Restoration

Thompson 1950’s Thompson

“How much is my old wooden canoe worth?”(Notes from the WCHA that will help you answer the question.)

1937 Old Town Guide

There are two basic directions you can take with your classic canoe: repair or restore. Repairing a canoe is generally a minimalist approach to getting the boat back on the water but it can involve extensive work if the boat is in bad shape. Restoration involves returning the canoe to its original condition – parts that might otherwise be repaired get replaced. The beauty of wood canvas construction is that every component used to build the boat can be repaired or replaced as needed.

A restoration starts with a conversation – we’ll discuss your canoe and make sure we both understand the ultimate goal. Each project represents a unique set of challenges.  What looks like a basket case to you might be a fairly simple repair and yet I’ve already had “needs a little work” eat up way more time and materials than expected.  I can’t properly evaluate your canoe until I can inspect it personally. Detailed pictures will allow me to get a feel for what your canoe needs but any cost estimates discussed prior to the evaluation are just that: estimates.  Every effort will be  made to accurately determine the scope of work required but often there are hidden issues that don’t appear until after the canvas is off and the old finish stripped out. Any changes required will be discussed prior to proceeding with the work.

Your $300 deposit secures your slot in the lineup. We work on several canoes at a time to accommodate curing stages etc. but the restorations get worked on in the order in which they were accepted. Major rebuilds take far longer than simple recanvas jobs so the canoes may not necessarily exit in the same order they entered the shop. Please keep in mind this is far more art than science – there is no spreadsheet that can predict an insect swarm on the very afternoon that we decide to paint. A proper restoration is complete when it is finished and not before. Its success depends on many variables: weather, temperature, humidity, pollen, dust, and life’s various obligations. To target a date is asking us to potentially cut corners and that is not something we care to do. Major restorations will involve progress payments paid off invoices. To summarize the restoration path, here’s what will happen:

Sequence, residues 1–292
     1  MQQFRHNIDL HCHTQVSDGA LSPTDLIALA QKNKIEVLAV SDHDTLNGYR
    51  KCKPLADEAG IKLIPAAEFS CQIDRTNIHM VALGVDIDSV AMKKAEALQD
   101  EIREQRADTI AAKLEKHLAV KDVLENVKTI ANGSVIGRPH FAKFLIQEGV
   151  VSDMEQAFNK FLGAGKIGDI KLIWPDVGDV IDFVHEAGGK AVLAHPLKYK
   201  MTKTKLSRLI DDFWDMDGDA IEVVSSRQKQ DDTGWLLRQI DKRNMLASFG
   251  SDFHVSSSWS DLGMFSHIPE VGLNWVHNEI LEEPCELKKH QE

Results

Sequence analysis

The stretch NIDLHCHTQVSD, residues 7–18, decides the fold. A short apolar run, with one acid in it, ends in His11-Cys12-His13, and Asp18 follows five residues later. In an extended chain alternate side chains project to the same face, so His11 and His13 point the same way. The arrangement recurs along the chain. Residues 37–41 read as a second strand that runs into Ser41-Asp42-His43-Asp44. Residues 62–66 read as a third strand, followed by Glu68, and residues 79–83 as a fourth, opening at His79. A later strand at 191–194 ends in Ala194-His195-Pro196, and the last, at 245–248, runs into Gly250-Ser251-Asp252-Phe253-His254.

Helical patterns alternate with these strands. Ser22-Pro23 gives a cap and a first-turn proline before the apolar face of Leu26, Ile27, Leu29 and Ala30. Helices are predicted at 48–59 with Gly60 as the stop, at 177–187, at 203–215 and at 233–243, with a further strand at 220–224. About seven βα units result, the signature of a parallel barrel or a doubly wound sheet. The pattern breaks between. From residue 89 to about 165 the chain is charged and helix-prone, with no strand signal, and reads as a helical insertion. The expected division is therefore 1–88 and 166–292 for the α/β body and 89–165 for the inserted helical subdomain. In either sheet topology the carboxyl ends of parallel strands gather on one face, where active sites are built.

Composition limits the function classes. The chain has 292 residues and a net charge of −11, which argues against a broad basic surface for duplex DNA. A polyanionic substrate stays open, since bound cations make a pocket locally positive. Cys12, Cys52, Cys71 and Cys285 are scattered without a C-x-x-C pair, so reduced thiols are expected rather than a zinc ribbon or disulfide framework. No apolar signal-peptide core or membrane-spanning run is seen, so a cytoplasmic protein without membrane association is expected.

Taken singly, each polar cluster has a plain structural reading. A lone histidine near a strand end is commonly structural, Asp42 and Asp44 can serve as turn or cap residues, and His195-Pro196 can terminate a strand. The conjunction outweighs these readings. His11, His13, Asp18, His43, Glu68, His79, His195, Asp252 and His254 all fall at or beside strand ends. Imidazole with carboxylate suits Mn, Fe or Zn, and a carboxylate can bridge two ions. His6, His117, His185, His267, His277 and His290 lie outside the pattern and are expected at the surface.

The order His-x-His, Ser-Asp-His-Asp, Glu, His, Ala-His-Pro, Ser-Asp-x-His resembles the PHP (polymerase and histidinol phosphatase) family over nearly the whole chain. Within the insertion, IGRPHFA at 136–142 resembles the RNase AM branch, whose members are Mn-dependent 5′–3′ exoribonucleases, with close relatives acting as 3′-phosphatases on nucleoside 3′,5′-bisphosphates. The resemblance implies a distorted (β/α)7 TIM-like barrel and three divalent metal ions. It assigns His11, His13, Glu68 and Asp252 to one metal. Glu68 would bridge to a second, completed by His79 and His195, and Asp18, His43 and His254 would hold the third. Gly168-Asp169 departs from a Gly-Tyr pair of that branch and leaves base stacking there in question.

• Discuss the needs and ultimate goal, submit deposit.
  • Once the canoe is in our hands we will evaluate it and submit a written estimate for your approval. We may remove the old canvas as part of the evaluation – this should not be interpreted as “they’ve started on my canoe!” It goes back on the rack to await its turn.
  • Once we’ve started on it you’ll be notified and can follow the progress in the Shop Update section. Any adjustments necessary for hidden damage will be submitted for approval. For major jobs, the first progress payment will be invoiced at the start of the work.
  • Payment of the balance is due upon completion.
  • Cost of the restoration does not include any shipping charges. If you’re not picking up your canoe we can arrange for delivery or contract with a hauler that specializes in getting paddle-craft delivered intact (very important)!

Restoration of a canoe rarely makes financial sense. Often the cost exceeds the market value unless the canoe is very old, rare, or both. If you are considering restoring a canoe for immediate financial gain, invest your money elsewhere for you are sure to be disappointed. On the other hand, if your canoe is a treasured family heirloom that you want to see put back right again, you’ve come to the right place.

Some more “after” images:

1960 Old Town 50 lb

 

1994 Cedar Island Cheemaun
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